Image gently for teenagers, too

As I’ve written before, rapid increases in the use of medical imaging, especially CT, have led to alarming increases in radiation exposure in addition to the financial cost. This is a particular issue for kids, especially since they often receive radiation doses that are needlessly high. Initiatives such as Image Gently are doing their best to educate physicians on the need to use lower settings for kids.

However, even radiologists who know not to dose young kids with adult-strength radiation settings may not realize the need to be careful with teenagers as well. According to AuntMinnie (Smaller teens sometimes get adult-sized CT dose, study finds) teenagers often receive adult levels of radiation despite smaller body sizes.

“This discovery was unexpected and alarming, considering that more than 50% of teenage children who receive CT exams at [the Medical University of South Carolina] don’t have the body mass of a fully formed adult,” said Dr. Dobrinka Dimitrova, a radiology resident, during her scientific poster presentation…

“Above the age of 12 years, kV and mAs are standardized to fully formed adult bodies,” Dimitrova said. “Because children over the age of 12 have different growth rates, a 15-year-old girl, for example, may have a body size comparable to a 10-year-old. She may receive a lot higher dose than needed because the set parameters are for adults.”

“Some of the CT scans I’ve investigated have as much as 25 mSv of radiation dose. Two of these will put a pediatric patient into a category of high incidence of solid tumors or lymphoma. [Emphasis mine.] Radiologists need to be the gatekeepers to protect children from unnecessary and excessive radiation dose.”

This is a major issue for the medical community. Until things are sorted out parents should respectfully challenge radiologists who suggest CT scans. It may be an uncomfortable thing to do,  but your kid may thank you later.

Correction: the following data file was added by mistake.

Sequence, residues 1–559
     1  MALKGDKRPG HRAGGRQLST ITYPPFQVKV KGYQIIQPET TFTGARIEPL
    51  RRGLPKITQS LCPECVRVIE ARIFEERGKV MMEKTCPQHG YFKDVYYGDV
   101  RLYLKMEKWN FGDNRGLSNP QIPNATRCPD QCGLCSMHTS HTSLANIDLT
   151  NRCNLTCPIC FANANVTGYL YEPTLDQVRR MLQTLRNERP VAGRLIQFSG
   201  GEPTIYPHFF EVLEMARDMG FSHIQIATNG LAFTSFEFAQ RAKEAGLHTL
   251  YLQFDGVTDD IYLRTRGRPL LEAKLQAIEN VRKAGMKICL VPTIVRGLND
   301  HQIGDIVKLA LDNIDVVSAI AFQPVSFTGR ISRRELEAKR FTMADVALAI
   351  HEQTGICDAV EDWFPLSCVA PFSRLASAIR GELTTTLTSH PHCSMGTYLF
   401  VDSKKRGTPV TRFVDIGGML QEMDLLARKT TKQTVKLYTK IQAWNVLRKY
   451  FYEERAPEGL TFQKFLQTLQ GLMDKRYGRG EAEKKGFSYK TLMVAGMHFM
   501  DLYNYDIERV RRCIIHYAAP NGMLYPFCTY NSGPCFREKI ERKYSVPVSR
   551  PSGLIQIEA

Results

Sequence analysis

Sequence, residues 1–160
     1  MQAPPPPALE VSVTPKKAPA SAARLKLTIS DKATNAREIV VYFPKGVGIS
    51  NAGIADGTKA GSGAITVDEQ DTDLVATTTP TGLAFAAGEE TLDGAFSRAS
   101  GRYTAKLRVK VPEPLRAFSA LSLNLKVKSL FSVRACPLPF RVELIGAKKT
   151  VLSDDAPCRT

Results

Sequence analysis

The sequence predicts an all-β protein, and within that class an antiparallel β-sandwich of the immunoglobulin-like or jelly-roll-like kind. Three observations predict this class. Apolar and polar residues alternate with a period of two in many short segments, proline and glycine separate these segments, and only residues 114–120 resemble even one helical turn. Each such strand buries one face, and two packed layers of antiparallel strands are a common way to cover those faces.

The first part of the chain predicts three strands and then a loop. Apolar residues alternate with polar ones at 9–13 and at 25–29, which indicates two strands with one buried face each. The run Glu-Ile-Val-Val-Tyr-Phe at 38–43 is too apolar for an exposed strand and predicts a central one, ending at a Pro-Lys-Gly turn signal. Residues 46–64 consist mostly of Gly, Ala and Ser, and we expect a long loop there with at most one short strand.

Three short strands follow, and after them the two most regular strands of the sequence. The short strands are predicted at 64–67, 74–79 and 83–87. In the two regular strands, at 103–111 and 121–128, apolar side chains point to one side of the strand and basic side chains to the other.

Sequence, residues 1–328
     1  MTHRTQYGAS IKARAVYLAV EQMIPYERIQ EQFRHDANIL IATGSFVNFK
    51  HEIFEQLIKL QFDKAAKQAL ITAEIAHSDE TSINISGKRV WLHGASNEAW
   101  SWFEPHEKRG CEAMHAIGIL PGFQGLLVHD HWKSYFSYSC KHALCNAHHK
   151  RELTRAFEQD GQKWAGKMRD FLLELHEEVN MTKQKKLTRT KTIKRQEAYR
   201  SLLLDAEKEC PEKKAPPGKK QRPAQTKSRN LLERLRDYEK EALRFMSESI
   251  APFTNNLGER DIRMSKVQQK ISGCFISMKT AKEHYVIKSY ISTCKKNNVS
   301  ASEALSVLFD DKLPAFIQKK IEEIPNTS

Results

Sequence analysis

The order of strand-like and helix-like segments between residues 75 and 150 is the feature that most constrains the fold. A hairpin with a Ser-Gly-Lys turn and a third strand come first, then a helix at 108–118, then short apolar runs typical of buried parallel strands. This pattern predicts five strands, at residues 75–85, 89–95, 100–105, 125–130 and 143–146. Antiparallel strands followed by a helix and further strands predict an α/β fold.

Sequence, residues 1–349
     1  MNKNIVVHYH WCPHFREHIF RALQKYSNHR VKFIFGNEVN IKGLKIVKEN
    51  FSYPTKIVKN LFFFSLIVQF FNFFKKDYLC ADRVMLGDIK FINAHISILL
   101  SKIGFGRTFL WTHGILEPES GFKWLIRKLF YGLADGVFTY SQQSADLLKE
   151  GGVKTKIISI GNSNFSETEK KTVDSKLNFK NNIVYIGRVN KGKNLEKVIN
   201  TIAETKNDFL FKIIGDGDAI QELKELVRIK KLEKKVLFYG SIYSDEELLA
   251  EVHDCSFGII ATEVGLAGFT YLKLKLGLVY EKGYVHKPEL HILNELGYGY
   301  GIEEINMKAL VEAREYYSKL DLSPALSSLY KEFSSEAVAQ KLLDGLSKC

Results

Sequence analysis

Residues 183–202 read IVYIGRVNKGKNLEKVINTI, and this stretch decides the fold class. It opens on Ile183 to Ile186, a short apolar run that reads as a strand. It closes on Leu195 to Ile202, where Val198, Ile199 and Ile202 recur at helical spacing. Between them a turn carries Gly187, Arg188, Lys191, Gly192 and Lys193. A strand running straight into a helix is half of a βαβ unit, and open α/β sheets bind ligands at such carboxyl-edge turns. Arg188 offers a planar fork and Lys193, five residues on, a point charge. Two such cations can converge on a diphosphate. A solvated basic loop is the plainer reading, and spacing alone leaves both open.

December 11, 2008

One thought on “Image gently for teenagers, too”

  1. I continue to be very upset by having had two scans of my abdomen (afer a nuclear medicine test of my gallbladder) which where not necessary and which I would have never had if I had been educated on the radiation dose prior to the procedures. Not to mention how upsetting the lack of professionalism and ignorance on this issue which I have encountered with the imaging center when trying to get information. I was never even told I was having two scans by my doctor or the radiologist. The abdomen and pelvis scans deliver the highest doses of radiation out of all CT scans, and I have had both, in fact it appears to be the highest dose you can get in all of radiology – an order of magnitude greater than most other radiology procedures. I have done a lot of research in I think some kind of attempt to alleviate my concern, but the more I have read, the more concerned I have become. It seems inescapable that I have been potentially been exposed to the equivalent of approximately 1000 chest x-rays (wow) or radiation surpassing the exposure to someone that was underneath an atomic bomb detonation, and now I have statistically increased my odds of not only developing radiation induced cancer, but dying from that cancer – this is nothing short of shocking. What is so upsetting is that the damage/exposure from the radiation is irreversible….so there is this kind of gnawing frustration. If I had come into an emergency room in an ambulance, then it would be understandable, but these two scans along with the nuclear medicine scan that they gave me a year earlier add up to a ridiculous unnecessary exposure… upsetting.

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